MAS eases car loans: The good and the bad

Car Advice    Carl

(Photo Credit: TODAY Online)

Rejoice, car-buying folks! Now, you get more money and time out of your car loans. Back in the dark days of 2013, you'd only get to borrow 60% of the purchase price if your car's open market value (OMV) was $20,000 or less for a period of 5 years. If your car's OMV was above $20,000, the banks would loan you a maximum of 50% of the car's purchase price for 5 years.

Now, MAS has finally eased their clamps. Take a look!

(Photo Credit: MAS)

What this seemingly minute increase means is that you've got a couple more options with the same money. Before MAS eased up on the laws, getting a typical Toyota Corolla Altis was a little tougher. With COE, the car fetches $117,888 today, and has an OMV of $17,660. Assuming interest rates are at 2.78%, what you would've needed back then was $47,155 as down payment. As for your loan, you'd have to manage paying $1343 a month for 5 years.

With the new implement, getting an Altis means that the down payment stands at $35366- that's $11789 less that you have to fork out! Besides that, your monthly loan repayment drops to $1,174.

Of course, more options beg the question- what are the downsides? Then.. what do you do next?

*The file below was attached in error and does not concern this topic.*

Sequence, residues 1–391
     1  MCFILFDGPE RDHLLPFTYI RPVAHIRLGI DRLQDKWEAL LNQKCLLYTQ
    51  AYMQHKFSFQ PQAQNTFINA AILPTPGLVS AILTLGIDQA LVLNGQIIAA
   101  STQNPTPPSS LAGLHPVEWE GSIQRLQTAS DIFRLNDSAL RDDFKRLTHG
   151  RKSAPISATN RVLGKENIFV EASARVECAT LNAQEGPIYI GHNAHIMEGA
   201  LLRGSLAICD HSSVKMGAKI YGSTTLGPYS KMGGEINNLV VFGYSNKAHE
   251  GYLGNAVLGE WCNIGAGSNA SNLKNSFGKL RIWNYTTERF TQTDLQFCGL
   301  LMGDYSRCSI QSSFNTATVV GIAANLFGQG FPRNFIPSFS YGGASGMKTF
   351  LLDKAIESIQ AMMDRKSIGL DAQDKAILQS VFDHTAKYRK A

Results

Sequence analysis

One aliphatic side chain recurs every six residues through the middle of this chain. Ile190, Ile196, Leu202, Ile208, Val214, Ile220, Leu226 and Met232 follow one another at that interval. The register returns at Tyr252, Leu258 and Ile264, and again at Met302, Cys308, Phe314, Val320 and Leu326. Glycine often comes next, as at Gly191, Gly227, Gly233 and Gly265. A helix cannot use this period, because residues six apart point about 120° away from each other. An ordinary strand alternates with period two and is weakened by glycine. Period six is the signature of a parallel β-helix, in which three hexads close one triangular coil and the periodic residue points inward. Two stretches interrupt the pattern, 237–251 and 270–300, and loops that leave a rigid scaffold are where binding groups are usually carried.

More breathing space for a price

This one is a given. A considerably lesser down payment, lower monthly payments and a longer time to fork out the cash offer you much more space to breathe. It's important to note that interests stack on per annum, so this luxury won't come unpaid.

Let's use the Toyota Corolla Altis as an example. In the situation of a 5-year tenure, you have to have more money at hand for the down payment and to pay off more per month. However, you'd be paying a total of about $127720 at the end of the day.

With a 7-year tenure, the price increases to nearly $134,000! That's roughly a $6000 difference, or more commonly known as "sssss ouch". If you can afford a high down payment and monthly payment, it saves you more in the long run to borrow lesser and go for a shorter tenure. If you need the luxury of time, weigh out what's comfortable for you and how much you're paying at the end!

COE hikes and used cars

As MAS Deputy Managing Director Ong Chong Tee said: "In 2013, when we introduced the measures, our immediate aim was to help restrain escalating COE premiums and consequent inflationary pressures." Now that the measures are a little more relaxed, you may face a problem.

With more people having the means and ways to buy a car, some speculate that it would drive COE prices up. We're not clairvoyants to say for sure, but opting to go for a used car instead could help avoid this ordeal altogether!


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